Cutting even deeper was the seeming randomness of the killings. There have been reports that Freeman’s shooting was the result of mistaken identity.

Even before the season started, the team was dealing with trauma, as it got word that a former teammate, Venuste Mbonwanayo, had been shot and killed outside of Atlanta.

It was against this backdrop that the season began. The Roadrunners were quick out of the gate, winning three of their first four games, riding the goal scoring of Seck and Lavie Ushindi along with the defending of Irankunda and Hakizimana.

But on April 12, another heavy blow struck the A-E community. Anthony Thompson Jr. was shot and killed in one of the school’s bathrooms during a confrontation with four Knoxville police officers. He was 17. A gun in Thompson’s possession went off while one of the officers fired two shots, striking another officer and Thompson. The district attorney’s office said that no officers would face charges for the incident. (On Feb. 4, a 22-year-old man pleaded guilty to a misdemeanor for buying and providing the gun to Thompson.)

The killing of Thompson meant another loss of life to mourn, and it also shook the school’s aura of being a safe haven.

Tanika Harper, president of the Shora Foundation, which runs youth and entrepreneur programs in East Knoxville, recalled how a therapist told her that while the grief process has no specific timeframe, it usually takes about three months to process one incident.

“It was just like trauma, trauma, trauma. We couldn’t get through the first before the second and the third,” says Harper. “So it’s just hard to process your emotions and your feelings. Kids, they haven’t learned — and sometimes adults haven’t either — the skills of how to process all that stuff.”

Nsabiyunva says he was friends with both Freeman and Thompson, and that the amount of grief was almost overwhelming.

“The night that Stanley died, I sat in a car, and I was bawling my eyes out for 30 minutes straight,” he says. “I called a friend, and she helped me through it. She talked to me like, ‘It’s going to be OK. Just focus on what you got to do and put it behind you.’ I couldn’t quite [do that], it hurt so bad, knowing that that can happen to people that I love and care about.”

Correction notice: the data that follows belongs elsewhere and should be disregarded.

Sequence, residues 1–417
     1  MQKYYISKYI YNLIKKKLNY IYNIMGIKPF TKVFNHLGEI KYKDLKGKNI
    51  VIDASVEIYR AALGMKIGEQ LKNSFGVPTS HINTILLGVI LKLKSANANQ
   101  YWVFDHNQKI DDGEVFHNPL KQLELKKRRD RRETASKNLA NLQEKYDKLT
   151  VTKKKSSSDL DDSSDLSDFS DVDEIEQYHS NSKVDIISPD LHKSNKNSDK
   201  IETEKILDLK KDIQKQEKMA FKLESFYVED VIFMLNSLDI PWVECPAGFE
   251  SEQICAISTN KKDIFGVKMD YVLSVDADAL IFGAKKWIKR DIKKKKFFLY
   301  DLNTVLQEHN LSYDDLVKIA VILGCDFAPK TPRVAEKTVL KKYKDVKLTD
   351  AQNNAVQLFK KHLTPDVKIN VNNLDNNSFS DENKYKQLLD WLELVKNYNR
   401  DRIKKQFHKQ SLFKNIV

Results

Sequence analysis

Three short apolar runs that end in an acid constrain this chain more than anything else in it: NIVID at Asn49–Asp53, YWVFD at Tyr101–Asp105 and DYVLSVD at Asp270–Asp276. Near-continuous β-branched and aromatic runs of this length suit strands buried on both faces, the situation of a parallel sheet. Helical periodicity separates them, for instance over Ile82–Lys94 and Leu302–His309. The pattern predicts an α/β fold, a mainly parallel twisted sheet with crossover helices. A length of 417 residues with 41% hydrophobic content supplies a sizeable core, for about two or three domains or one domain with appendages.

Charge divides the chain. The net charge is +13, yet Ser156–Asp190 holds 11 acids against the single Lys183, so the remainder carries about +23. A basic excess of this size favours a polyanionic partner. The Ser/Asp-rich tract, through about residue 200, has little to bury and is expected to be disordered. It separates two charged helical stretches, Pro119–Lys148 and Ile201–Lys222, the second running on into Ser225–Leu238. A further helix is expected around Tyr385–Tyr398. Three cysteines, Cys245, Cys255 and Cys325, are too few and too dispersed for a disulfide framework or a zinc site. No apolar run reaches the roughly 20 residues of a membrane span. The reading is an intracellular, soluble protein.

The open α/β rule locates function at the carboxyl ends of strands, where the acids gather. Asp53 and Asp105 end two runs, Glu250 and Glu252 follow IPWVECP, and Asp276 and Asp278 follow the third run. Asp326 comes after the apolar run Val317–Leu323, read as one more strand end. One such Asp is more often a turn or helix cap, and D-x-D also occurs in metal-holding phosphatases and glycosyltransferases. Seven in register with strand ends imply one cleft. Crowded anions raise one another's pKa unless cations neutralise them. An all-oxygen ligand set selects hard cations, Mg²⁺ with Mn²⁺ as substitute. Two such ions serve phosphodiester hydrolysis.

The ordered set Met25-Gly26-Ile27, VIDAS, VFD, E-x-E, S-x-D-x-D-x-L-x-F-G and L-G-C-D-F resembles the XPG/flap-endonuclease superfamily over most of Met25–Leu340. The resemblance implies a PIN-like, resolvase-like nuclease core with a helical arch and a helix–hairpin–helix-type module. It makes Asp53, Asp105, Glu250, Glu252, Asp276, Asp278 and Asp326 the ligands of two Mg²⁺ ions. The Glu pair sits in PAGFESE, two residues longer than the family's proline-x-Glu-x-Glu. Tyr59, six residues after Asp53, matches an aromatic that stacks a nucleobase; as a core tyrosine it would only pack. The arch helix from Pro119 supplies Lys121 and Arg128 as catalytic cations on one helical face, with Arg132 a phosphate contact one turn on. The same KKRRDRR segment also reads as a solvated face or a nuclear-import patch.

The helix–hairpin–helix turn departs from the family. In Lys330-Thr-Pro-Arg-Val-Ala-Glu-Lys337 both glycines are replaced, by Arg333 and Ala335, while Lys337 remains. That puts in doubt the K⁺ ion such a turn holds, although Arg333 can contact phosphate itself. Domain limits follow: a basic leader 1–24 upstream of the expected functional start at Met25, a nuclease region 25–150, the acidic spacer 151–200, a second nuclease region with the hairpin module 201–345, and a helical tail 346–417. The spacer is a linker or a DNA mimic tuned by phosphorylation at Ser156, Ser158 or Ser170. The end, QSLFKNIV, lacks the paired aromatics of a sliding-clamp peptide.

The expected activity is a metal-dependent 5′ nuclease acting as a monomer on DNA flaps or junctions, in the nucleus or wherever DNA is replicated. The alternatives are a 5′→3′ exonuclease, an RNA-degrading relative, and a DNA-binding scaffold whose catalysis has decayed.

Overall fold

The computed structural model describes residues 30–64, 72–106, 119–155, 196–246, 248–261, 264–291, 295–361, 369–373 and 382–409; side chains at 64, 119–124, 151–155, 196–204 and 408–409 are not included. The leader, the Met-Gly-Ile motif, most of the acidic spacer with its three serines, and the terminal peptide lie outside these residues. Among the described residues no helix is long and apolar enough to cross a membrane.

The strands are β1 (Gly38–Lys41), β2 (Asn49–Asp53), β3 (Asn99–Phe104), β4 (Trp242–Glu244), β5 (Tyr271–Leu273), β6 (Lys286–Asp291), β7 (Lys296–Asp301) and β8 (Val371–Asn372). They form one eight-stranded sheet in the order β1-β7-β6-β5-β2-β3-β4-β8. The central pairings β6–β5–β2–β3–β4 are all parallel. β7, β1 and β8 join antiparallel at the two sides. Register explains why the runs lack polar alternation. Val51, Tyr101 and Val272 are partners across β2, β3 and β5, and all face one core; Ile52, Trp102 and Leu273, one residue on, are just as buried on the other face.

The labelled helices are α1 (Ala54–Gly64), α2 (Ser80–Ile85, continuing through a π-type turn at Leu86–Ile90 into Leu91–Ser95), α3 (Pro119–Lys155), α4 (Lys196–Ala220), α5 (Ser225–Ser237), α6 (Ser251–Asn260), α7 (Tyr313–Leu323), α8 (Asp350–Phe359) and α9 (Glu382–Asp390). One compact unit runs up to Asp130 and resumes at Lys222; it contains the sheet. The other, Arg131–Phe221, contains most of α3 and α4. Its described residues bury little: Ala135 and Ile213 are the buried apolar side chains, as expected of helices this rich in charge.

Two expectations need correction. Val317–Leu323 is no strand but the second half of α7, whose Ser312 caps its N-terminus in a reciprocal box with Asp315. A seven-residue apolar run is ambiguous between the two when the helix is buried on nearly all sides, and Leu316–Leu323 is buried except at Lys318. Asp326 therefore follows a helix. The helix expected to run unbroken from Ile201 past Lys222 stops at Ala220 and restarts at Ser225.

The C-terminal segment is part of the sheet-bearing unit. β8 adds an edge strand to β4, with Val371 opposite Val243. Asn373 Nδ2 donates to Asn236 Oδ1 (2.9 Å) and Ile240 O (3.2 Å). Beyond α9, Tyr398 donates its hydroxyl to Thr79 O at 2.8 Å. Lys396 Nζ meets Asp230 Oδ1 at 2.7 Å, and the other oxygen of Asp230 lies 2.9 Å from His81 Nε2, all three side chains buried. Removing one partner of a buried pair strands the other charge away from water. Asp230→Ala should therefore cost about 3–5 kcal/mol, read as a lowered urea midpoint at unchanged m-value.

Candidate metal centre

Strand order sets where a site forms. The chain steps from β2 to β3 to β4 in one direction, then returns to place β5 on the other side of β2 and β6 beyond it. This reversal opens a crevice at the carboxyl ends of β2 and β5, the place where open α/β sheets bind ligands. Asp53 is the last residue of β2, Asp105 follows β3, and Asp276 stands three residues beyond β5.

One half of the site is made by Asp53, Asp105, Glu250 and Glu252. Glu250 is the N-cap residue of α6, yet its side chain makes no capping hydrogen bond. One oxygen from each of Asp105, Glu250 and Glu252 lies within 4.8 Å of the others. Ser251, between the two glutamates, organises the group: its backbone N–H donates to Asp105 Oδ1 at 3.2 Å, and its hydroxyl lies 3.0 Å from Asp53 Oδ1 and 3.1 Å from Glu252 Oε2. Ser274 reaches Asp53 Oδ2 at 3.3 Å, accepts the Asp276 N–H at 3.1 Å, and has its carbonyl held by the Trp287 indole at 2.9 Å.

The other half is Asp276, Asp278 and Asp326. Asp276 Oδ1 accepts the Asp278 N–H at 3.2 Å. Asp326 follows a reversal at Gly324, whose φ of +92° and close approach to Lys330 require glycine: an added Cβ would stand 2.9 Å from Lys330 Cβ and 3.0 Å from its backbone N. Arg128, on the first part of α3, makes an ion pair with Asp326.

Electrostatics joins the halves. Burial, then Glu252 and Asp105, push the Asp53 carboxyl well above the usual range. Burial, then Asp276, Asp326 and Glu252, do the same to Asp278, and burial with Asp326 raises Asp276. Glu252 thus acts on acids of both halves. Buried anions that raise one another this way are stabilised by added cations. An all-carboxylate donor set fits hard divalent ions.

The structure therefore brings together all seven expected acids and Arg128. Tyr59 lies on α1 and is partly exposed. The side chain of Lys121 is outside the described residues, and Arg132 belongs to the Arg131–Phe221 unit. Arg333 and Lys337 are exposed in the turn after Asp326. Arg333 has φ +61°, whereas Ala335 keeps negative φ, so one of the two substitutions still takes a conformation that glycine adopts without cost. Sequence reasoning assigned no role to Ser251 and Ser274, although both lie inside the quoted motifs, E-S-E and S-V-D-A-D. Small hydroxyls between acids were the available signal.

Seck recalled how back in Senegal he knew people who had died of poverty or when a house burned down. Yet the impact of the violence in East Knoxville still hit hard.

“It’s messed up. Nobody should be dying at that age,” he says.

Spreading a message of support

In the aftermath of Thompson’s death, Austin-East closed for a week and a half. Rallies and protests calling for an investigation into the death of Thompson were held.

“We just needed a chance to breathe,” says Campbell, who was working in the district office at the time before becoming the principal. A memorial to Thompson — since taken down — was set up outside the bathroom where he died.

Campbell is an Austin-East graduate herself — Class of 1987 — and a Knoxville native. She is at a loss to explain the level of violence, or what should be done.

“This is where I grew up, this is where I have been, and it’s a part of who I am,” she says. “And it concerns me beyond the school part of it, the loss of lives in our community. And a lot of it is, it’s us. I mean it’s people killing young people, and I don’t understand. I’m trying to understand how can we, as a community that surrounds them as a village, can help make sure that [violence is] not the only option that the kids feel.”